A combination of performers, a community, parents and children. Photo: Shoon Arts

The main ensemble worked through various movement scores, walking patterns and echoes of the family scores that showed clear connection and flow to the watery theme. There were moments of synchronicity and moments of syncopation that were clearly reminiscent of the relationships between ripples, waves and swells.

The ensemble was a collection of new and familiar faces to the Denmark dance scene, with all displaying a strong commitment to the task at hand within their own talents. Marie Kerr provided a strong stage presence within the ensemble with equal parts technical ability and charisma, while Tanya Garvin’s monologue was powerful and moving.

A youth ensemble that has worked with Lees for several years delivered a tender and engaged score utilising a large sheet of fabric that rippled and fluttered with their movement. This section highlighted the group’s development and demonstrated a bold step away from familiar bombastic movement languages and into a more considered dance style.

Waterways worked its way through the multitude of scores before winding down from swirling walking patterns, to movements showing the vulnerability of the ritual of washing, before a tinkering and melancholic soundscape brought the ensemble together in a touching embrace.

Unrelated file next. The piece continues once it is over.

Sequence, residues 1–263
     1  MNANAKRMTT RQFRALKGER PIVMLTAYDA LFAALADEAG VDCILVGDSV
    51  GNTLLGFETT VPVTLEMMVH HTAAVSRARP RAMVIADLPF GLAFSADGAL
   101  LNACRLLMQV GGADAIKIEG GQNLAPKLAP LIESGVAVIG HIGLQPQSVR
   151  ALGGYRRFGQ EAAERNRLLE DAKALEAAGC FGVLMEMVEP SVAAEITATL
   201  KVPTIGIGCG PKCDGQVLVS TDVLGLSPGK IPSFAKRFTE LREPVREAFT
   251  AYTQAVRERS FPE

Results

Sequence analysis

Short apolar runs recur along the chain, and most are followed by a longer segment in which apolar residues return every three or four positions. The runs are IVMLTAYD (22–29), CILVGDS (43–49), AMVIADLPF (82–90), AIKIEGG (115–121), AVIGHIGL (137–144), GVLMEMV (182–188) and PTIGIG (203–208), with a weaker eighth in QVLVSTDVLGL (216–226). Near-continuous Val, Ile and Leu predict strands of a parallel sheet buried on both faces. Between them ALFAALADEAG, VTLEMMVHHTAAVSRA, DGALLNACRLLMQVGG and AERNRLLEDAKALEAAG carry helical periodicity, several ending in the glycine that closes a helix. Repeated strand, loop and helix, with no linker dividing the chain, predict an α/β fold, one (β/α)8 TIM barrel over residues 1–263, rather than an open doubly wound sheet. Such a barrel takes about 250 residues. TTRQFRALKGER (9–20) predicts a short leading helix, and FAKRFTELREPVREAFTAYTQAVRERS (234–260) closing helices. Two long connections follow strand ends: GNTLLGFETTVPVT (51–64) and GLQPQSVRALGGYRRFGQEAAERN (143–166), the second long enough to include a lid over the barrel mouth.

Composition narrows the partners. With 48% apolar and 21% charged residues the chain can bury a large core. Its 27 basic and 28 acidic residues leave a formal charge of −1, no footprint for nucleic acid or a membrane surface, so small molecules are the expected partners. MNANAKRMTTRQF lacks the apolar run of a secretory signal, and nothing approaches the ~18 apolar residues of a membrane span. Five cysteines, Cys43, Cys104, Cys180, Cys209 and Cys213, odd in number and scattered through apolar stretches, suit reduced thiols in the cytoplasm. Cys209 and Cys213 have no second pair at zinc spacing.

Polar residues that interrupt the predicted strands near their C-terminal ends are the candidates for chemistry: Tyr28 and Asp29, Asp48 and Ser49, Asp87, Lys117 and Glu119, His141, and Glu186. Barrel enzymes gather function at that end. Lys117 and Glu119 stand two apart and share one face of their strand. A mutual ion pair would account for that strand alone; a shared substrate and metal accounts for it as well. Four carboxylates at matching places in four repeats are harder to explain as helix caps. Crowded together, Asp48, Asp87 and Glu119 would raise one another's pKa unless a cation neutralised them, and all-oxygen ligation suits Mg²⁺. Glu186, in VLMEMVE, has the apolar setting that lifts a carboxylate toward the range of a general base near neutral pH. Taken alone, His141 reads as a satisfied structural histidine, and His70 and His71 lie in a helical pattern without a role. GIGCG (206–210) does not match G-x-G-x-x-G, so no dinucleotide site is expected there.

Main ensemble. Photo: Shoon Arts

Waterways was a brave and immersive experience. Melding complex ideas, images and components together in a single community dance performance with such a diverse cast certainly constitutes a brave new work, and Lee’s commitment to inclusivity is a strength of her practice.

Vulnerability, power, playfulness and connection were on show throughout and Lees should be proud of the production quality of the performance and its dancers.   

This review was published in Denmark Bulletin No. 995 November 14 and is reproduced with permission. Thanks for the support Denmark Bulletin! You can check out their latest edition here

The Author of this review paid for their own ticket to the performance and was not paid to write this review.

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The original publication in the Denmark Bulletin

A Rural Voice: SexRurality 2019

My trip to Victoria two years ago to attend my first SexRurality conference in Lancefield was invaluable. It took me out of my bubble here in the West and reassured me that there were clinicians, practitioners and researchers experiencing similar frustrations; eager to find solutions to common issues and struggling under the constraints of the rural sexual health sector. I was so excited to head back to Victoria; back to SexRurality and in some ways, back to my people this year in Creswick.

Creswick. Beautiful Creswick.

Where the hell is Creswick, you ask? You and everyone I spoke to about SexRurality before I left. The look of utter confusion on everyone’s faces reassured me that I was heading to the right place. What better setting for rural health focussed conferences than towns that no-one knows about? Or has driven through once on their way to somewhere bigger and better. Creswick was perfect.